Patent No. 1899784A: Bottle Cap

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Today in 1933, US Patent 1899784 A was issued, an invention of Albin H. Warth, assigned to the Crown Cork & Seal Co., for his “Bottle Cap.” This crown was patented shortly before the repeal of Prohibition, which took place several months later, in December, although by April some lower-strength beer became available. There’s no Abstract, but the description provides some insight in the why it was a more modern crown.

This invention relates to bottle caps and more particularly to a cap consisting of ametallic’shell containing a cushion disc having what is known as a protecting facing. In its preferred form, the invention relates to that type of cap having a protecting facing in the form of a center-disc or center-spot which is of smaller diameter than the cushion disc.

In closures of this character, the cushion or compressible disc is ordinarily formed of sheet cork or of a composition of granular cork, the particles of which are united by a binder which is resistant to gas and acids.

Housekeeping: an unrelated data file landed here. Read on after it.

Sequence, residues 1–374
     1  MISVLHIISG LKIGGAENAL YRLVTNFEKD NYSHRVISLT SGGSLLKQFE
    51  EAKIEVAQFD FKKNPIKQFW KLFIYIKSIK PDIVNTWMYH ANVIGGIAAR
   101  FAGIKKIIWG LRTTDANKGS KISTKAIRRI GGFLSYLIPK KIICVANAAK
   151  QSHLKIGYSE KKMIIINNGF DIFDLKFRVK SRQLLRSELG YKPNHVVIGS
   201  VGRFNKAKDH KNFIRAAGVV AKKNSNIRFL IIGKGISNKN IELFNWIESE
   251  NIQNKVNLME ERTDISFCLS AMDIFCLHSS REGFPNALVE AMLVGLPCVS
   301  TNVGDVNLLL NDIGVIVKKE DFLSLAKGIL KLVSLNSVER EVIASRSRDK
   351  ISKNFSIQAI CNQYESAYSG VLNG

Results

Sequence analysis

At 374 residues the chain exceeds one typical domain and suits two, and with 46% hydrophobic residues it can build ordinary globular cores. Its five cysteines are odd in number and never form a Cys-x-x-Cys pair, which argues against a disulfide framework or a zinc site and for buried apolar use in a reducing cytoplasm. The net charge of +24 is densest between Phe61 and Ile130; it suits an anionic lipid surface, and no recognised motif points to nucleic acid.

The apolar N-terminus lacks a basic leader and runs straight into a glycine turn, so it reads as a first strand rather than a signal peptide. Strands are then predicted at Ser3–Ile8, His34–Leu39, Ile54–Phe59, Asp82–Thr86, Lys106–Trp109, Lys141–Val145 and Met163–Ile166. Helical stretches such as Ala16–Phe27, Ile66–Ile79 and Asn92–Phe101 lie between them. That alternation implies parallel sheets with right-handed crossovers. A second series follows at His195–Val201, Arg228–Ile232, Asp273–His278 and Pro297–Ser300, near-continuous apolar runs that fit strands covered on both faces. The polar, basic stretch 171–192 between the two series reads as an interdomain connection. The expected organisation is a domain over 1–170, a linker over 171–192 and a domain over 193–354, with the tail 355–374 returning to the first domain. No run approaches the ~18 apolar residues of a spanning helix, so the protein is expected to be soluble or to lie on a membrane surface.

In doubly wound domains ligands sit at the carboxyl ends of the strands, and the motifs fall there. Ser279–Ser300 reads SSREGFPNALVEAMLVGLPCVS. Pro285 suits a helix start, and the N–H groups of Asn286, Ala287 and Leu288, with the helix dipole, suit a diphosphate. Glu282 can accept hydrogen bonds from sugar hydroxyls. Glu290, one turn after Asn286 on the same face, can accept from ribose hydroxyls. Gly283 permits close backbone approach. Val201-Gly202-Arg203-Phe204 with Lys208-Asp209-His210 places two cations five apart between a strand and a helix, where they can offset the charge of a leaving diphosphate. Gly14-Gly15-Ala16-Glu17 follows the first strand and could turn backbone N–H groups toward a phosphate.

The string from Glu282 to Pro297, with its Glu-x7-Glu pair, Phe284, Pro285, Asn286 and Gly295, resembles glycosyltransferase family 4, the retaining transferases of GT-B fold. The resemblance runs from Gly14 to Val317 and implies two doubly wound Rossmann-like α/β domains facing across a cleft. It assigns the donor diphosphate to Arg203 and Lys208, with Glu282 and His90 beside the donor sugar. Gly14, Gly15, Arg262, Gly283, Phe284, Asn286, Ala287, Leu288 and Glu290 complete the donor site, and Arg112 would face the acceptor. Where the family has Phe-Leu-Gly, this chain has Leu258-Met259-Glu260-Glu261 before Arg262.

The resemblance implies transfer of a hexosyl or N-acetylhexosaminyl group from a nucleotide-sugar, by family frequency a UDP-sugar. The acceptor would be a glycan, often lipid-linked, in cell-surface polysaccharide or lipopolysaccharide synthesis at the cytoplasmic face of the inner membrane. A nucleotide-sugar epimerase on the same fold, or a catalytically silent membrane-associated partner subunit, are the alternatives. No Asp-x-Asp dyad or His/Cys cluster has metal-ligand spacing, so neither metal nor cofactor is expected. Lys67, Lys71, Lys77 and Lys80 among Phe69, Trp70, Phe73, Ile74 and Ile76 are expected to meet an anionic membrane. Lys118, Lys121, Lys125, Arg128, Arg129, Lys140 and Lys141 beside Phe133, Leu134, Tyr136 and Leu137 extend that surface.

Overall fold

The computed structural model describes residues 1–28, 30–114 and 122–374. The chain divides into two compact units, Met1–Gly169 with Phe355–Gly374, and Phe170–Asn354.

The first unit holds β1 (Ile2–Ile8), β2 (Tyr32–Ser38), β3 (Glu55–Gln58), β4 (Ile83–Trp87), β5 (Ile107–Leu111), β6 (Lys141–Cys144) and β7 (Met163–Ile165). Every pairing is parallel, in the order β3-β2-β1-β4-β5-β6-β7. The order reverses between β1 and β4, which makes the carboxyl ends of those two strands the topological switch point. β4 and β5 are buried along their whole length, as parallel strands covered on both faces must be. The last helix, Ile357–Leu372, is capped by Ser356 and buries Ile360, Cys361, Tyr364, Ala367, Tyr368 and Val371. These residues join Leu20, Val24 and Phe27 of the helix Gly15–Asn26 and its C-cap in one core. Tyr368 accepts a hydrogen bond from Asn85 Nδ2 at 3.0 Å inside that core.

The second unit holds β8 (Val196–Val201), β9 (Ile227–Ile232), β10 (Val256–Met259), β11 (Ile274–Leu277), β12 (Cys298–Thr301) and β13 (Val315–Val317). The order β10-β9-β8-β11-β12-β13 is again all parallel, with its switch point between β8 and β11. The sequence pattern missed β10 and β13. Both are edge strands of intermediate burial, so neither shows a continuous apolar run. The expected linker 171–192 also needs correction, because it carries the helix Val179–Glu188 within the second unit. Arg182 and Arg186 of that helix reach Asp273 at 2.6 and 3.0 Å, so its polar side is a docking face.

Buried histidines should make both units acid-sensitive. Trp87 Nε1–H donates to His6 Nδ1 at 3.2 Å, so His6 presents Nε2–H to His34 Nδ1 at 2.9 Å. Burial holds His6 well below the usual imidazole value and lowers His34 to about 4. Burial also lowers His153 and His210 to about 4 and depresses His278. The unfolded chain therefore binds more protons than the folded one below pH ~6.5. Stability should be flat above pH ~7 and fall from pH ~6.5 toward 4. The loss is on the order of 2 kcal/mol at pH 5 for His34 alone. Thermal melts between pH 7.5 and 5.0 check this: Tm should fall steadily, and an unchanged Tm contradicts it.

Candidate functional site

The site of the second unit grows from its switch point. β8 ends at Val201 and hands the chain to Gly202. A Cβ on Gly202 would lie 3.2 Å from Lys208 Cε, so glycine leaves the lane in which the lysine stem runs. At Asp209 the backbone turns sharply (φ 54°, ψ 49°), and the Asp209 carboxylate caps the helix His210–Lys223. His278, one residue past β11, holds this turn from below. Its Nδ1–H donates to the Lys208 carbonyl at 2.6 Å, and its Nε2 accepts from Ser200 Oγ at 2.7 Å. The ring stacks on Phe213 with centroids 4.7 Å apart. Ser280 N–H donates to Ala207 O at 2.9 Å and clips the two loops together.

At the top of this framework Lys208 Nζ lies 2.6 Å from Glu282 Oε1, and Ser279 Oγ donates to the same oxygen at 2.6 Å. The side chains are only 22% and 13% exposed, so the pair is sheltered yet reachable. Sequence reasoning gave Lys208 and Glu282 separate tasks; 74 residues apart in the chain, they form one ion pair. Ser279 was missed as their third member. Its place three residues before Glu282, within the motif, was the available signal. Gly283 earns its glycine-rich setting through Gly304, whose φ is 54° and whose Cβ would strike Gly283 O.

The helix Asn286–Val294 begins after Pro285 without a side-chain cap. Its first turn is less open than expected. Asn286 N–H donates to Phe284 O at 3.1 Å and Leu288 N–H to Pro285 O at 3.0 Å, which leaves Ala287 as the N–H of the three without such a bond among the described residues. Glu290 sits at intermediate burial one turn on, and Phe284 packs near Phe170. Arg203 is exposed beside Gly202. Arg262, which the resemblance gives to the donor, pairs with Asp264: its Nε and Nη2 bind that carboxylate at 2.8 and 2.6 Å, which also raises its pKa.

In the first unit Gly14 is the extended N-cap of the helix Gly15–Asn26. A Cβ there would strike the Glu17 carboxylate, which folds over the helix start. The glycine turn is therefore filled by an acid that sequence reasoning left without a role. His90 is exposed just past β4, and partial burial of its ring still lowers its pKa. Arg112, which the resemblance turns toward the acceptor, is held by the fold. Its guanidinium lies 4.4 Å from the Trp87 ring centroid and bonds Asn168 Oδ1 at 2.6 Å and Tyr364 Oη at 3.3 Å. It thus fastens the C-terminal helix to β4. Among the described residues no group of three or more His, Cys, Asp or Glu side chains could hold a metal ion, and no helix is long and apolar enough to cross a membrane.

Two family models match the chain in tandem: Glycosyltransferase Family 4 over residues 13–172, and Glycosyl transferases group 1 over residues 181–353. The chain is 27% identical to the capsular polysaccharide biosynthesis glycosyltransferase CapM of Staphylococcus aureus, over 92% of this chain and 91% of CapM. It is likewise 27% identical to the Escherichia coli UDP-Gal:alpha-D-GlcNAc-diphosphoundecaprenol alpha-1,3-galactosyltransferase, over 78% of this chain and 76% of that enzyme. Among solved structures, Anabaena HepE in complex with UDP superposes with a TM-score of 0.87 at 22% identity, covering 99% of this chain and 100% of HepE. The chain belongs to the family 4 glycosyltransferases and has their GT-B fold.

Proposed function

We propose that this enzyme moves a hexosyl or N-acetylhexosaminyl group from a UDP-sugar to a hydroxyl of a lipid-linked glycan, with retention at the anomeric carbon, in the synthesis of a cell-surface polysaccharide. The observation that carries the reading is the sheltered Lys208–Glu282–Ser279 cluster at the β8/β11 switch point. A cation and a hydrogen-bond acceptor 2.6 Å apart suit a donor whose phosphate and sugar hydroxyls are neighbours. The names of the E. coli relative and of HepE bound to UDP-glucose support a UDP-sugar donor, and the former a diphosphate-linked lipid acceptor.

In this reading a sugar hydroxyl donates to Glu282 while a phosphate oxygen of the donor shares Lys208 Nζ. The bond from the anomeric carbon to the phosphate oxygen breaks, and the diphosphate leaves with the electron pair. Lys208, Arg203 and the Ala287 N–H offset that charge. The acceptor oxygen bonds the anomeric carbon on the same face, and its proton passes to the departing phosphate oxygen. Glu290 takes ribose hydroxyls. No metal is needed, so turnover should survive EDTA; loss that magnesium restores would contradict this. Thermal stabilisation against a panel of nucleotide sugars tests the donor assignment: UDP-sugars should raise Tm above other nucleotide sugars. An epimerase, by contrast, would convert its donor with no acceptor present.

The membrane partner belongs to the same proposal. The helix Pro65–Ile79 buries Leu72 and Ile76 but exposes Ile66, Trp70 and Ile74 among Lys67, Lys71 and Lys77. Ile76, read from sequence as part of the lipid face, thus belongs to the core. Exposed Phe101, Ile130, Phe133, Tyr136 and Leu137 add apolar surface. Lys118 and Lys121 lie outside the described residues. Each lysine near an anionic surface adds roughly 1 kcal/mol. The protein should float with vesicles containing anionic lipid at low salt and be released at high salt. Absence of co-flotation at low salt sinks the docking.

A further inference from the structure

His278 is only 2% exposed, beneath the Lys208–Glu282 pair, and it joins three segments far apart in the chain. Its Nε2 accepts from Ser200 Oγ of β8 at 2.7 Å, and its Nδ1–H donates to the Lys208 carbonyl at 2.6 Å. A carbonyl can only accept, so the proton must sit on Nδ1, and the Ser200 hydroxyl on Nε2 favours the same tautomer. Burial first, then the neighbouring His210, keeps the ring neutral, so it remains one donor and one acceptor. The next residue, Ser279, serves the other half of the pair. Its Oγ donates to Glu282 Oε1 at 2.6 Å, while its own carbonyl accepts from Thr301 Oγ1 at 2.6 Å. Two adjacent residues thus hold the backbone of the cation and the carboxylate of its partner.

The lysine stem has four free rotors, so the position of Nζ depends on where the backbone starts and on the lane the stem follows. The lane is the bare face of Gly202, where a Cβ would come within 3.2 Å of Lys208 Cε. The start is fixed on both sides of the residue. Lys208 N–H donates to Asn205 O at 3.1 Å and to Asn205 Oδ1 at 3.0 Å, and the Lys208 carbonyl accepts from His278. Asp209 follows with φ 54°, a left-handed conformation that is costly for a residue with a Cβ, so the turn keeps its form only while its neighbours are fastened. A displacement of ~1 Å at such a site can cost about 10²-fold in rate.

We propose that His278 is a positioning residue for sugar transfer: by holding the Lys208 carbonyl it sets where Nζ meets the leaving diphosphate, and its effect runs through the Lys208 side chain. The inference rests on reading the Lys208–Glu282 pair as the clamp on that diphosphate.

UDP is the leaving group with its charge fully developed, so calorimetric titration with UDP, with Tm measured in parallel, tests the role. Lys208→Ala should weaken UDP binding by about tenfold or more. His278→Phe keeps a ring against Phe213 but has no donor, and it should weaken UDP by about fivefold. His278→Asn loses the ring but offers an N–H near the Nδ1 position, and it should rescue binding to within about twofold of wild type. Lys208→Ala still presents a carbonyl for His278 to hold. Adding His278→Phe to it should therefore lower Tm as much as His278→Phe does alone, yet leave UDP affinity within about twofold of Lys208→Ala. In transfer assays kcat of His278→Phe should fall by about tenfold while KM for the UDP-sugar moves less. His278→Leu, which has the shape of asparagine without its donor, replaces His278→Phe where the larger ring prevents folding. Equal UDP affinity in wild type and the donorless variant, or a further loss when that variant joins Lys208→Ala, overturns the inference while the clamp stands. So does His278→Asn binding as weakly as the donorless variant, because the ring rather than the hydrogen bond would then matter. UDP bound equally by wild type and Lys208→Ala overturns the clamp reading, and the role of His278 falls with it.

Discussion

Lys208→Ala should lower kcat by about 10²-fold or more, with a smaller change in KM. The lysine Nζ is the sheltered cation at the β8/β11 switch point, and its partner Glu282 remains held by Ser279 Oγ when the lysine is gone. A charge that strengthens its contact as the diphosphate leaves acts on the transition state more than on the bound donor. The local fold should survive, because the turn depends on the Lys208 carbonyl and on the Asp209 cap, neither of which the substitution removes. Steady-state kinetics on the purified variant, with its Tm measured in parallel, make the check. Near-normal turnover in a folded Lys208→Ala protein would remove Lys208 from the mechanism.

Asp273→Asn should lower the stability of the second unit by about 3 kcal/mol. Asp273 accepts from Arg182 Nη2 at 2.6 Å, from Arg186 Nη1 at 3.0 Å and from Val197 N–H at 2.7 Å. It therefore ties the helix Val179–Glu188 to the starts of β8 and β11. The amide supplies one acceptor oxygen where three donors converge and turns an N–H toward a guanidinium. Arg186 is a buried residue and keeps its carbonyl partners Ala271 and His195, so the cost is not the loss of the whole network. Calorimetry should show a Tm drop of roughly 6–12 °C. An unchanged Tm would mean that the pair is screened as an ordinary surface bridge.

It is desirable to protect the cushion disc from the contents of the bottle, since the cork or other material of the disc becomes discolored and imparts an undesirable flavor or taint to the contents.

The facing discs have ordinarily been fornied either of metal foil, such as aluminum or tin, or of fibrous material, such as paper.

The present invention relates to the latter type in which the facing is of paper.

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Patent No. 2497870A: Container Closure

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Today in 1950, US Patent 2497870 A was issued, an invention of Stanley W. Dennis, assigned to the Crown Cork & Seal Co., for his “Container Closure.” There’s no Abstract, but the description states that the “The present invention relates to closures.” Happily, they expound upon that somewhat: